THE IMPASSE between administrators and the faculty union over employment terms threatens to be a repeat of the labor troubles experienced by the University more than two decades ago.

Disagreements between the University of Santo Tomas Faculty Union (USTFU) and the UST administration over a new, five-year collective bargaining agreement (CBA) have led to a deadlock, which could be a prelude to a strike.

Vice Rector for Academic Affairs Clarita Carillo, in a Feb. 17 letter to administrative and academic officials, bared the reasons why negotiations failed, but promised to exert efforts to resolve the issue and prevent a lockout and disruption of classes. The union followed five days later with its own version of why talks fell through. (See banner story “Faculty Union files notice of strike.”)

The previous CBA expired in 2011.

A deadlock occurs when the management and the labor union do not agree on certain proposals during CBA negotiations. It is a ground for filing a notice of strike.

“It is a stage in a collective bargaining agreement when neither party wants to move forward or would want to step backward,” labor law expert Samson Alcantara said in an interview.

The CBA, a contractual agreement between an employer and a labor union, covers wages, work load, working conditions, and responsibilities of both the management and employees. It is considered the law between the two parties.

After filing a notice of strike, a 30-day cooling off period follows, during which the National Conciliation and Mediation Board (NCMB) will try to reconcile the two parties to avoid a strike or lockout, said Alcantara.

If the deadlock remains unresolved, the union has the right to go on strike. However, a declaration of strike must first be approved by a majority of the total number of union members through a secret ballot. A seven-day strike ban must be observed to allow both parties one last opportunity to resolve the labor dispute.

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The majority vote of board members of a company or association is likewise needed to approve a declaration of a lockout. A lockout occurs when an employer withholds work from employees; it is the employer’s counterpart of a strike.

“During a strike, the workers will not be liable for any damage [to the employer],” Alcantara said. “[But] if the strike is illegal, the workers will lose their employment.”

Repeat of the past?

In 1987, USTFU staged a protest-rally on the opening day of the school year for alleged unjust labor practices by the University, which stemmed from the latter’s refusal to distribute the unallocated amount of around P9 million which was due to faculty members from tuition hikes that began in 1984.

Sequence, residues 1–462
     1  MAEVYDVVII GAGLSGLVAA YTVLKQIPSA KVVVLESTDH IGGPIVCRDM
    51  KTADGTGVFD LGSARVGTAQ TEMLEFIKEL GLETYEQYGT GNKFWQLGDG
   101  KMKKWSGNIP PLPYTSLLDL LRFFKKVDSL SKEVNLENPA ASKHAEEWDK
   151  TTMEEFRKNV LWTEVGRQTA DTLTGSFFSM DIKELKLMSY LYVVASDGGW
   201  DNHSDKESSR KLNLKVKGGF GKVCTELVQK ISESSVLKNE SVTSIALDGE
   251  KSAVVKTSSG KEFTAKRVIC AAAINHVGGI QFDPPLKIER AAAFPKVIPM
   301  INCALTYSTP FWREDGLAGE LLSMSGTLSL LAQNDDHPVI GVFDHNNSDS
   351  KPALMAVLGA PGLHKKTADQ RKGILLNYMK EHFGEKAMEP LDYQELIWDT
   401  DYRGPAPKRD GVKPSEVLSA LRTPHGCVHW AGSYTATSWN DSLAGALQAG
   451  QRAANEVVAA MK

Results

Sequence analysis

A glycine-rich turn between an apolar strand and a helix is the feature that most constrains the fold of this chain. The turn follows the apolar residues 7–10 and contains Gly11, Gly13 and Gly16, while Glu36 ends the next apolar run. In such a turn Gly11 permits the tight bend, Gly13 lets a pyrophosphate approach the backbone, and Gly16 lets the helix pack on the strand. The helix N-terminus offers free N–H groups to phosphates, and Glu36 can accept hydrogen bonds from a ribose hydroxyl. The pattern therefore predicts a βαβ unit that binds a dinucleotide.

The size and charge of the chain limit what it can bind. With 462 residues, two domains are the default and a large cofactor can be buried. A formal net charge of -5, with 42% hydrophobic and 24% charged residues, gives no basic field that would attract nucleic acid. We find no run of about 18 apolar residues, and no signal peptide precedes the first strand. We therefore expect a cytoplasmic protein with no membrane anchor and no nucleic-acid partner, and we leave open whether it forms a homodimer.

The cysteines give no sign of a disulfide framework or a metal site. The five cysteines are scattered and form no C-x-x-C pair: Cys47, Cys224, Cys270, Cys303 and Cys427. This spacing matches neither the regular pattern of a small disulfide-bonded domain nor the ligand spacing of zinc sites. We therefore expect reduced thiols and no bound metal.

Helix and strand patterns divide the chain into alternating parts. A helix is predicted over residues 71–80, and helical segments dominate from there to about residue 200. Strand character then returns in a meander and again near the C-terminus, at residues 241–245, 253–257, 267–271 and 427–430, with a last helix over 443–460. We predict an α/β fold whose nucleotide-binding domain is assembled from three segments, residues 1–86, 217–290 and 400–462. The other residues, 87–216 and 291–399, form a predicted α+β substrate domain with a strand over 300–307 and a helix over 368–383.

USTFU also claimed that the administration had treated as one and the same the faculty’s Christmas bonus and the mandated 13th month pay, which were supposed to be considered distinct from each other based on the 1985-1988 CBA.

According to the union, the Christmas bonus was deducted from the P35 million in economic benefits of the faculty, which it deemed as an “act of injustice.”

On July 9 of the same year, USTFU filed a notice of strike before the Department of Labor and Employment (DOLE) because of the University’s alleged violation of several provisions of the CBA, including a change in curriculum without prior consultation, reduction of teaching loads of faculty members, and the mandatory retirement of employees over the age of 65 despite an agreement to let professors teach if they were still capable.

The administration was also accused of delaying salaries and providing inefficient health services for faculty members, supposedly violating certain provisions of the Labor Code.

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The disagreement was not resolved, leading to a University-wide strike on Aug. 6, 1987.

As a result, DOLE immediately issued a compulsory arbitration memorandum ordering the employees on strike to report back to work and the administration to accept returning workers under the same terms and conditions prior to the strike.

Another strike was held in 1989, when negotiations for a new CBA ended in a deadlock. As a countermeasure, the University terminated the employment of 16 officers and directors of the USTFU including its president Eduardo Mariño Jr., for libelous and defamatory attacks against then rector Fr. Norberto Castillo, O.P. This move compelled some faculty members to stage mass leaves for several days that began on June 28 of the same year.

DOLE ordered UST to readmit the faculty members, prompting the University to appeal before the Supreme Court, which ultimately resolved the dispute in favor of the dismissed faculty members.

In 1990, the University and USTFU finally agreed on a compromise P5-million payment for back wages and other claims of the union, and another P2 million to satisfy the remaining obligations of UST under the 1985-1988 CBA. Michael Carlo C. Rodolfo and Andre Arnold T. Santiago

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